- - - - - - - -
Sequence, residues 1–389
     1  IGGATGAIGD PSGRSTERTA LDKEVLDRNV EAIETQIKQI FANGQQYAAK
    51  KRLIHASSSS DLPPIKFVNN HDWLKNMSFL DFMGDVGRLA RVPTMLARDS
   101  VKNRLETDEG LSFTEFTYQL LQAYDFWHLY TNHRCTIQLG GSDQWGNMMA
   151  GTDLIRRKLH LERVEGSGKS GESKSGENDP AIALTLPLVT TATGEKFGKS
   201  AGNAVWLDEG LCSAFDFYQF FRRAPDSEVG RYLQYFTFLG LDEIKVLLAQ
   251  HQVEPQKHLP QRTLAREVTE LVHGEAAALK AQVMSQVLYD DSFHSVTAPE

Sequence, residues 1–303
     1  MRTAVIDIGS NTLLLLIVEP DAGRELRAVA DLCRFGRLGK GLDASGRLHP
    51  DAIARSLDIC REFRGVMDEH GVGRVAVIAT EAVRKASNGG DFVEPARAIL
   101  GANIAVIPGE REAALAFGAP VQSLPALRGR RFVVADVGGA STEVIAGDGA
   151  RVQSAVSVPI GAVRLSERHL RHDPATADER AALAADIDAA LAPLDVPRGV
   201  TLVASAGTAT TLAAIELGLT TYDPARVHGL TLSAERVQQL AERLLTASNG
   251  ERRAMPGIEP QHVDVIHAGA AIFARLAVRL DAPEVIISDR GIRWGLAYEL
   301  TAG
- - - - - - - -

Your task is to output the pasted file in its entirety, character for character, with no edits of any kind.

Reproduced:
Sequence, residues 1–389
     1  IGGATGAIGD PSGRSTERTA LDKEVLDRNV EAIETQIKQI FANGQQYAAK
    51  KRLIHASSSS DLPPIKFVNN HDWLKNMSFL DFMGDVGRLA RVPTMLARDS
   101  VKNRLETDEG LSFTEFTYQL LQAYDFWHLY TNHRCTIQLG GSDQWGNMMA
   151  GTDLIRRKLH LERVEGSGKS GESKSGENDP AIALTLPLVT TATGEKFGKS
   201  AGNAVWLDEG LCSAFDFYQF FRRAPDSEVG RYLQYFTFLG LDEIKVLLAQ
   251  HQVEPQKHLP QRTLAREVTE LVHGEAAALK AQVMSQVLYD DSFHSVTAPE

Sequence, residues 1–303
     1  MRTAVIDIGS NTLLLLIVEP DAGRELRAVA DLCRFGRLGK GLDASGRLHP
    51  DAIARSLDIC REFRGVMDEH GVGRVAVIAT EAVRKASNGG DFVEPARAIL
   101  GANIAVIPGE REAALAFGAP VQSLPALRGR RFVVADVGGA STEVIAGDGA
   151  RVQSAVSVPI GAVRLSERHL RHDPATADER AALAADIDAA LAPLDVPRGV
   201  TLVASAGTAT TLAAIELGLT TYDPARVHGL TLSAERVQQL AERLLTASNG
   251  ERRAMPGIEP QHVDVIHAGA AIFARLAVRL DAPEVIISDR GIRWGLAYEL
   301  TAG